“A policewoman is a peacemaker. Her work is important to society,” explains Colonel Nadia. “I believe nowadays men have started to understand the importance of the presence of women in the security sector. They see that they are protecting them and their families too.” She explains that “A gender-based violence (GBV) survivor will not enter a police station to report a problem with no policewomen available. That’s why we are peacemakers; we prevent new crimes and protect the society.”

Colonel Nadia, a 1990 graduate of the Faculty of Police and activist with the Women Pact for Peace and Security, brings more than 30 years of work experience to the communities she serves. “I’ve worked in several senior positions including at the Aden Airport, Aden’s Free Zone, and most recently in the Policewoman Section as Public Relations Director,” says Nadia.

“Aden’s 2015 conflict was disruptive for policewomen. We were already few in numbers, but after the conflict many refused to work under the circumstances – particularly with the intermittent payment of salaries.”

So Nadia and her colleagues decided to lead the rebuilding efforts of Aden’s policewomen force. “We now have over 1,500 policewomen in the Ministry of Interior as a result of the advocacy and lobbying we conducted with the leadership.”

“Because Yemeni tradition does not allow a woman to be searched, except by another woman, there are some gangs using women to smuggle drugs and weapons,” describes Nadia. To help address these types of issues, policewomen are now deployed at many checkpoints and in police stations.

Late in 2020, Nadia was selected as one of 30 policewomen from Abyan, Aden, and Lahj to receive a 10-day training from the United Nations Development Programme’s (UNDP) Rule of Law team on issues such as GBV, child protection, and dealing with minors, human rights, investigations, and peace building.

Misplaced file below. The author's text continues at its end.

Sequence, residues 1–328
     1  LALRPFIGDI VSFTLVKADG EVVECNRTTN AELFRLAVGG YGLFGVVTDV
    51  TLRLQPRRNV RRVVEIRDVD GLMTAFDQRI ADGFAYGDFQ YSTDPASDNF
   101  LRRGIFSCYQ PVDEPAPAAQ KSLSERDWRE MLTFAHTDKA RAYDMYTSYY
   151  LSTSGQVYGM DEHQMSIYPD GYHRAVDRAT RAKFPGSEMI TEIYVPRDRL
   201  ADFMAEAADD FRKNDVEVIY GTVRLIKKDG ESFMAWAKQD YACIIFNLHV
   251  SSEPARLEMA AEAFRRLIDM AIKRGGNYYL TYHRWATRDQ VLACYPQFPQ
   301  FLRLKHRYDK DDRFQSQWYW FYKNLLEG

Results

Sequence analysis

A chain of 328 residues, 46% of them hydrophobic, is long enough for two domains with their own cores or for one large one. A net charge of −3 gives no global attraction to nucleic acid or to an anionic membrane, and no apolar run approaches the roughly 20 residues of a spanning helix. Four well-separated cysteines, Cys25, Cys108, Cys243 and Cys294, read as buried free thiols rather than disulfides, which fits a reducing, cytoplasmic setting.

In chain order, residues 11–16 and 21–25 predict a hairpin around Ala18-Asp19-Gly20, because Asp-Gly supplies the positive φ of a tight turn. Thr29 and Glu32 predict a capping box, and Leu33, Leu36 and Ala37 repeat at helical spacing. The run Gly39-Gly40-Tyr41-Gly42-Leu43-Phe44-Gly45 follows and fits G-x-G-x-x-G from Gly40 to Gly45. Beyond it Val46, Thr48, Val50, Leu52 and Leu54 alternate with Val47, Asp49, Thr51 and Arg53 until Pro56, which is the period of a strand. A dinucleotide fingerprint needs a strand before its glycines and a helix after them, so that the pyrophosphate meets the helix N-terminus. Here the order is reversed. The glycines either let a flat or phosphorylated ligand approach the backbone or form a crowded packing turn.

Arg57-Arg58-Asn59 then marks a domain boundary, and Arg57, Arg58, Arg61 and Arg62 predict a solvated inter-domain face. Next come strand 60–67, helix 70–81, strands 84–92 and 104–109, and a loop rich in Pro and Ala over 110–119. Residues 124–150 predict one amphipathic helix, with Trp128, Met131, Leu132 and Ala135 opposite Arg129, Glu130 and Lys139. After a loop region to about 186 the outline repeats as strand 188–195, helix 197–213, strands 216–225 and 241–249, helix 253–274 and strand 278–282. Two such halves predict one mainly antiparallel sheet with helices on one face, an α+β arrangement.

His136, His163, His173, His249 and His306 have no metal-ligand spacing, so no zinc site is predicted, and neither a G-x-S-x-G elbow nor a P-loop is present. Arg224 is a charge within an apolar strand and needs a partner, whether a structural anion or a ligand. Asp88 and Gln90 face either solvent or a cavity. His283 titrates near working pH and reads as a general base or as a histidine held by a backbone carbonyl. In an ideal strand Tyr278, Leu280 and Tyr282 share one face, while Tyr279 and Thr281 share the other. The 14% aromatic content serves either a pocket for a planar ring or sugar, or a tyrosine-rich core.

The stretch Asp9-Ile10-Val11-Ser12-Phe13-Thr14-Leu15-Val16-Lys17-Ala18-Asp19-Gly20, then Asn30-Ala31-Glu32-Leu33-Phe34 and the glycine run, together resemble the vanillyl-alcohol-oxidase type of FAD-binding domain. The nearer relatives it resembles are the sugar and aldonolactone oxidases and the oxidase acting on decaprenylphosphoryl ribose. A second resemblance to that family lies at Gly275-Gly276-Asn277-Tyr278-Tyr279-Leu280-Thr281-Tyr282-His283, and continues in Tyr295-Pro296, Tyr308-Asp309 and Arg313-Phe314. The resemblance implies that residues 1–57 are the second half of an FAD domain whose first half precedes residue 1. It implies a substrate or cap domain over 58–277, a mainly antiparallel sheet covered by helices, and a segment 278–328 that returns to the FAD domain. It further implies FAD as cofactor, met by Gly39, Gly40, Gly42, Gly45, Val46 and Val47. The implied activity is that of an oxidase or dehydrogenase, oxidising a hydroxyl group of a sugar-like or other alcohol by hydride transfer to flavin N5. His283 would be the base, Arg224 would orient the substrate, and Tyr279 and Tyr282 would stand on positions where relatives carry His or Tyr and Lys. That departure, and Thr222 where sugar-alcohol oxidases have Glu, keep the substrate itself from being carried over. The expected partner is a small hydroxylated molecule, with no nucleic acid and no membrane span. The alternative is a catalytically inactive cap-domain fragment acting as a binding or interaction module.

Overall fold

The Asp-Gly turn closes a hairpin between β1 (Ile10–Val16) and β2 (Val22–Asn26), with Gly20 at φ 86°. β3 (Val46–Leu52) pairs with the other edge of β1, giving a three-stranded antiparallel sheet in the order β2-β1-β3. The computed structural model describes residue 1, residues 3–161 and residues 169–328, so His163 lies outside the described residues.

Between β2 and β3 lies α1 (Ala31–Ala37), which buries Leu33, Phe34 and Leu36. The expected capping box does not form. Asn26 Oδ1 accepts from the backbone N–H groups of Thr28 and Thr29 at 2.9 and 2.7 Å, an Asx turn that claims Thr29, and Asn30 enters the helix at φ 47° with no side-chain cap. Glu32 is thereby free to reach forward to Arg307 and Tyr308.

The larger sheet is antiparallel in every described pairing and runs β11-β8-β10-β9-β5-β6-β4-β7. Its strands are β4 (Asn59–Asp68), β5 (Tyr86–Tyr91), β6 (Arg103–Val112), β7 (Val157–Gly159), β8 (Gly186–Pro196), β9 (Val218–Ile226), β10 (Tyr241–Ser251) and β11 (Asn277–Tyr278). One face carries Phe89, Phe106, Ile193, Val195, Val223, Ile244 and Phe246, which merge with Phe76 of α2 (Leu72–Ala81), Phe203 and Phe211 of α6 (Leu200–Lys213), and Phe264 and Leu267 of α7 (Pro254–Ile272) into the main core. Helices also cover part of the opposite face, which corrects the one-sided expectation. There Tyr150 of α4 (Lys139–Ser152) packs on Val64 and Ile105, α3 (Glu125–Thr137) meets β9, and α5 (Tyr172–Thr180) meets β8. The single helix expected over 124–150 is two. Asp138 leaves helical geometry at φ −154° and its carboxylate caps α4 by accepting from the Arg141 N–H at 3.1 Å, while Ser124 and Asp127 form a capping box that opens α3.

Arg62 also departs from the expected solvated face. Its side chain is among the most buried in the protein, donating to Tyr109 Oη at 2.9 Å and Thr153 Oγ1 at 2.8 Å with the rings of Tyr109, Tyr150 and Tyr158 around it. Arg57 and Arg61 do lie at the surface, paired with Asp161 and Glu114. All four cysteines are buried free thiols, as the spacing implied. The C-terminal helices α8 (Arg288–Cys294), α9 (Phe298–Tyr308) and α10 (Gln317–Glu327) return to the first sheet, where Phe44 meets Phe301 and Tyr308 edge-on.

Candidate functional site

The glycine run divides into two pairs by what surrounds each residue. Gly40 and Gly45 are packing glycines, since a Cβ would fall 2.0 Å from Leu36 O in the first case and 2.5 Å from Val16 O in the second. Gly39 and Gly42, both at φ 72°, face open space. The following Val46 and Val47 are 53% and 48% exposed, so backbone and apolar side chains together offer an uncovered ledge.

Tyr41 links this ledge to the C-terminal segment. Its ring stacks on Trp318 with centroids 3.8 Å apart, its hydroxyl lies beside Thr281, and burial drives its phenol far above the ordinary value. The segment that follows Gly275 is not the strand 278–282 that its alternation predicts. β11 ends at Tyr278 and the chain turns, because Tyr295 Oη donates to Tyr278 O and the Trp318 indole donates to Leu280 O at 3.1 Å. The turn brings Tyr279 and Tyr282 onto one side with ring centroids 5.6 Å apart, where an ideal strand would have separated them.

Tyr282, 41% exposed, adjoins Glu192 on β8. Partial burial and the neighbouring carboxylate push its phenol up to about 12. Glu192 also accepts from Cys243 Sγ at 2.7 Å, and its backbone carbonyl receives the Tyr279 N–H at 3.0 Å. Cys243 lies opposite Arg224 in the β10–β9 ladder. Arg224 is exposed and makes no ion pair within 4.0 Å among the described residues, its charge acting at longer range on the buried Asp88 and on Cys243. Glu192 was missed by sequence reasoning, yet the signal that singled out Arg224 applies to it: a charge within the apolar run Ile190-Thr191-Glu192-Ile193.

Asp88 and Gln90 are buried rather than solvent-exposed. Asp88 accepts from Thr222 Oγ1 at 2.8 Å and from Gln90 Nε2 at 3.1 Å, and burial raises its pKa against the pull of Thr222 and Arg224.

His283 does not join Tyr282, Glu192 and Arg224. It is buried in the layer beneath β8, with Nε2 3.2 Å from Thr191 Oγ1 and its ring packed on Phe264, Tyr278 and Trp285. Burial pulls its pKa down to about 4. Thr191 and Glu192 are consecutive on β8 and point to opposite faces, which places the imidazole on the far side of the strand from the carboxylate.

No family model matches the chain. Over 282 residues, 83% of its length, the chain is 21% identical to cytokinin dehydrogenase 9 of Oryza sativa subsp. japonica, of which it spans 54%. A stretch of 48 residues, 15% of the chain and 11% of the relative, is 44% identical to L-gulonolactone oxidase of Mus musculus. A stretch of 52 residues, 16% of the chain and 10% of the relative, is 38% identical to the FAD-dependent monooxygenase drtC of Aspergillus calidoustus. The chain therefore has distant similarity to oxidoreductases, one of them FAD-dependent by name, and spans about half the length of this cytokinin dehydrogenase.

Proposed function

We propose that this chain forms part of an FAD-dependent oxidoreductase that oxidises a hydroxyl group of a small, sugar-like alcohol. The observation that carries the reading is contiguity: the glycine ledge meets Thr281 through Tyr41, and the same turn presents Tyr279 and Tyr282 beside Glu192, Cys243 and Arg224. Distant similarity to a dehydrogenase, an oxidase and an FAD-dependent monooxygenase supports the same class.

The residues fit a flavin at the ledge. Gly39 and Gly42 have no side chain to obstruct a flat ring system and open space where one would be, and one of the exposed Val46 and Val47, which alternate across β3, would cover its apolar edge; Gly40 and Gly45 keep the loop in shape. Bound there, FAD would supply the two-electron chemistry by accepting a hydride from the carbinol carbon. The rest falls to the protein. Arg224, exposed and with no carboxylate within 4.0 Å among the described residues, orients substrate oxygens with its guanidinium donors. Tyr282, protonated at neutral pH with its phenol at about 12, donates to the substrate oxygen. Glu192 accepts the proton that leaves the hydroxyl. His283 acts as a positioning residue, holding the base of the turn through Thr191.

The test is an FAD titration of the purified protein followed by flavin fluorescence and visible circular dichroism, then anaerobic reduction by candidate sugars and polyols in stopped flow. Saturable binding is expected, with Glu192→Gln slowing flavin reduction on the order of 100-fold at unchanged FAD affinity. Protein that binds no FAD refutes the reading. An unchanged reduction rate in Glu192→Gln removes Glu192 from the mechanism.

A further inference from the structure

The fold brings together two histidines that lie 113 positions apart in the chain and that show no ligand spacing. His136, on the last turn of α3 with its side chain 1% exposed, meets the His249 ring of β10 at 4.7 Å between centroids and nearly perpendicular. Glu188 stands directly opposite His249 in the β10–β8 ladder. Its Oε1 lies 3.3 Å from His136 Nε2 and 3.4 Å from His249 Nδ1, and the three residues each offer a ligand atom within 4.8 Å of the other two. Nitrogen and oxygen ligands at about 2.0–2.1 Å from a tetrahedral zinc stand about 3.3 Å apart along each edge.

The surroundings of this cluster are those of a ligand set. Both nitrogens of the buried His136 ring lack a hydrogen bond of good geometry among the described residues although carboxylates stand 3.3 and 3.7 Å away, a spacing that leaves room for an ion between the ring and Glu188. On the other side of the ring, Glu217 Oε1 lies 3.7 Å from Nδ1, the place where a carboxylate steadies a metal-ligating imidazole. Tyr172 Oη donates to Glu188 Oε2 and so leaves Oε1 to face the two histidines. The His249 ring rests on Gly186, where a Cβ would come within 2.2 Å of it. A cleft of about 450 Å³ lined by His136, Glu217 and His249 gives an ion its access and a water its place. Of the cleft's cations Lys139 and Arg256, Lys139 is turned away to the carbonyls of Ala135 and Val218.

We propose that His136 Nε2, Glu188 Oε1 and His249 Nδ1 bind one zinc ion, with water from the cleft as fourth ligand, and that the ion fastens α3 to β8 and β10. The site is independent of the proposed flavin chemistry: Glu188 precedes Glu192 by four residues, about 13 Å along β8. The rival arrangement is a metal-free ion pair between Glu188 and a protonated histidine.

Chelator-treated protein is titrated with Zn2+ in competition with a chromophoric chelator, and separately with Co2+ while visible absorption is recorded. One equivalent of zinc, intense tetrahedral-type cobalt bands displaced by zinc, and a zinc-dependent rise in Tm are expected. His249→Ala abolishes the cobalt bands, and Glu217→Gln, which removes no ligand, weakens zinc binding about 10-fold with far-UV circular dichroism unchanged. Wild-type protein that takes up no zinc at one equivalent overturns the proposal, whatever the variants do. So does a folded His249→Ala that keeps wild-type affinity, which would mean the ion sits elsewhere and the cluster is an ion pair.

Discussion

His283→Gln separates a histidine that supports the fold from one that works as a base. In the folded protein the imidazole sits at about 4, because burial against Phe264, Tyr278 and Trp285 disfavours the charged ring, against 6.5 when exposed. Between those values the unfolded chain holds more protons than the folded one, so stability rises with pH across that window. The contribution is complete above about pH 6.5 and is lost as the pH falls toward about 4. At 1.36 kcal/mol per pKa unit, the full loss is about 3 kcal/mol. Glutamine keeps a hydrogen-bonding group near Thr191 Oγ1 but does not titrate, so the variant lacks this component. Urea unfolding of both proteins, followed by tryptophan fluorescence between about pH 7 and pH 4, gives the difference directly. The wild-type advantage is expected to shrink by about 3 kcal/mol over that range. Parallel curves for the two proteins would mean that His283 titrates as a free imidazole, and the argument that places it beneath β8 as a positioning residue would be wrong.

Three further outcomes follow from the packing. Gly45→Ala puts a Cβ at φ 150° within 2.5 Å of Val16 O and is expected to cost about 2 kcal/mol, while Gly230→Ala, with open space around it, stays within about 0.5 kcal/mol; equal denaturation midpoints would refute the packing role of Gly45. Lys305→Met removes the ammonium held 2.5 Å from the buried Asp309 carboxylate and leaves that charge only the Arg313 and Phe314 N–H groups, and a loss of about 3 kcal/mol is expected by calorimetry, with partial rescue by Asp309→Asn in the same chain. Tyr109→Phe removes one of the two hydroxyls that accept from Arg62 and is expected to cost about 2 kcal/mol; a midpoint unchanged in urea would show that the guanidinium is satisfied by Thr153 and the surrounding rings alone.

With generous funding from Ministry of Foreign Affairs of Netherlands, the training was designed to build the policewomen’s capacity to respond to situations in the community and to ultimately improve the safety and lives of all Yemenis. The training provided online lectures from international specialists on global policy trends, and support from the Ministry of Interior, Ministry of Human Rights, and Women’s Union ensured that the course was locally sensitive.

Nadia dreams of being a member of the international peace-keeping forces one day. A strong and confident woman, becoming a policewoman has meant challenging her conservative roots.

Having grown up in rural Yemen, she says “I achieved my dream despite the unapproving voices. But the journey of gender balance is still challenging and long.”

Etab, a junior policewoman with the Juvenile Police in Aden, faced challenges from her family when she expressed an interest in police work. “It was my dream since childhood to be a policewoman, but I come from a conservative family. So initially I was only allowed to join the Faculty of Education and become a teacher; the only acceptable profession for a woman in my family,” she explains.

But in 2017, Etab found a way to achieve her dream when she was offered a job as a policewoman at the Aden Airport. She worked at the airport for several months before being transferred to the Juvenile Police. With new confidence, Etab now had the experience necessary to gain acceptance from her family and to demonstrate to them that she had the skills to protect them and their community.

“The presence of women in the police sector is very important. I believe women have good discipline for keeping law and order, and they can also access places that men cannot. Women can provide support and services to other women while keeping their privacy intact,” says Etab.

“I am so happy to achieve my dream of being a policewoman, especially because I am providing protection to the children whom I love so much.”

In regards to her training experience, Etab says “We learned how to search, investigate, to deal with different incidents, human rights, international declarations about women and children and much more. To me, policing means discipline, ethics and respect to others. Without these human traits, no one should be in the police system.”

These activities were implemented through the UNDP Rule of Law Programme (RoL), which aims to support local populations to create a functioning level of security and stability while preventing further deterioration, and laying foundations for future initiatives, when conditions allow. The programme works to support safety, security, protection and equitable access to justice at the local level.

 

Photo: UNDPYemen/2020

Story originally published by UNDP Yemen here.